The only person (I think) that God says He hates is Esau in a comparitive passage with Jacob. "Jacob have I loved, but Esau have I hated" (Romans 9v13)
All of the rest of scripture speaks of God's love for sinners - how about John 3v16?
I am amazed that a serious arguement for hating the sinner is being made. I want to think this is not a genuine statement.
People, lets follow the discussion here. I know about John 3:16 and the rest of the passages.
The question was not whether God loves people or not. The question was whether it is biblical to say to love the sinner and hate the sin.
The answer is the totality of Scriptural revelation, not just a passage here or there.
Now, in the BIBLE, God says that he loves and hates people, not just their sin.
We on the other hand are commanded (at the very least) to love people.
Now, I will give an easy example of how this all plays out.
Hitler (suppose I knew him and that he was still alive)
I hate Hitler for what he did AND for who he was. He only did what he did because of who he was. Understand? Now, I loved him enough to have given the saving message of Christ to him.
So, the hate is there. However, God has chosen to extend mercy to those who believe that they might be in God's favor. Lost people DO NOT enjoy the favor of God. If you really think they do, you need to explain how they go to hell.
The opposite of love is NOT hate, it's indifference or apathy.
Daniel, what does Galatians 5 say about the works of the flesh and hate?
Um, I’ve been following the discussion… And far as I can tell, everyone else is as well.
And John 3:16 and the other passages mentioned are directly relevant to the issue… If we are truly disciples of Jesus, then we should take our cues from Jesus.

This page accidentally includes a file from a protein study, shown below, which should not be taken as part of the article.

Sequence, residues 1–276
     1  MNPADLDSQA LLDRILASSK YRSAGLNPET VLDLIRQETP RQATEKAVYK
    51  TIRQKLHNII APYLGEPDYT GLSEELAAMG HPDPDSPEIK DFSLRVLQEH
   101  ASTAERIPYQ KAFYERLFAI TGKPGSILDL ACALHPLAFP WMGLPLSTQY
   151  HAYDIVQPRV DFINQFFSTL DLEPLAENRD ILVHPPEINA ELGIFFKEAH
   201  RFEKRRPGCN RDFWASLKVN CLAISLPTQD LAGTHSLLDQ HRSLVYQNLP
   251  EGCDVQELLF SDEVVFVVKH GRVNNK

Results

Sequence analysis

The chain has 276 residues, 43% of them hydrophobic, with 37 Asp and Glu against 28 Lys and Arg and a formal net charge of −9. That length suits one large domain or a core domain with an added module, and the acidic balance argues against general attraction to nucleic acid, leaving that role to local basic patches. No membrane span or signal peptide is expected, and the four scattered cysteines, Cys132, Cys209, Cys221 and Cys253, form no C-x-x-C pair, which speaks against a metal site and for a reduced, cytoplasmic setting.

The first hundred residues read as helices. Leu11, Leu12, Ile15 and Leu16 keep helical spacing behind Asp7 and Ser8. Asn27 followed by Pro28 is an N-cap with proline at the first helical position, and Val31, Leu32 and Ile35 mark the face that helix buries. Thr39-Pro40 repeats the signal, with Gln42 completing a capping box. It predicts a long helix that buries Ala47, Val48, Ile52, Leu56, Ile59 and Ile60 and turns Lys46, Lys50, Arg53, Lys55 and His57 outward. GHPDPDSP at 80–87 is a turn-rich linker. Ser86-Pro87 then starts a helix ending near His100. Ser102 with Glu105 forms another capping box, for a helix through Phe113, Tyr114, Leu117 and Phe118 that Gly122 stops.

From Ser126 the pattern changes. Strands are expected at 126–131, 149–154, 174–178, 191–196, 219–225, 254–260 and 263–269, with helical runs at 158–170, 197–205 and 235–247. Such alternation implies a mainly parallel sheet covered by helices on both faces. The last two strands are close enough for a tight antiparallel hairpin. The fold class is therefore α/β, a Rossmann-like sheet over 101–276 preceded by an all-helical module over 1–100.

Interesting… Just a few posts ago I pointed you to the entirety of the gospels and you demanded specific scripture references. Now that people have given you very specific and explicit scripture references you demand we take a wide-angle view again.
You’re over-simplifying. It has not been disputed that God may “hate” some people (Esau is particularly noteworthy), but as I remember the number of specific people mentioned is very small. On the other hand, it is also very clear that God loves very sinful people. There are many people God has not stated He hates – and it’s pretty clear from context that He hates their sins – remember the people of Ninevah.
Hmm… I only hate what Hitler did. (My family suffered greatly because of Hitler and the Nazis, so I’m not saying that lightly.)
You’re oversimplifying again. He was certainly an evil and sinful person, but he was also very tormented and grew up in a German culture that was spiritually bankrupt. There was also quite of bit of occultism in German culture at that time and he because thoroughly immersed in it – it is almost certain he was under strong demonic influence based on what was happening in his life.
Certainly he could only be who he was, but his actions were also influenced by external forces. He was fully guilty for his actions but was also a person shaped by the moment.
But it should only be hate for his actions.
You’ve suddenly started using the word “favor”. Since I believe you are referring to the Calvinistic idea of election, let me switch the discussion back to the issue.
Lost people often enjoy the love and favor of God.
God often gives good gifts to those who are in rebellion against Him. (God send rain on the just and the unjust and Romans teaches that the mercy/kindness of God brings us to repentance)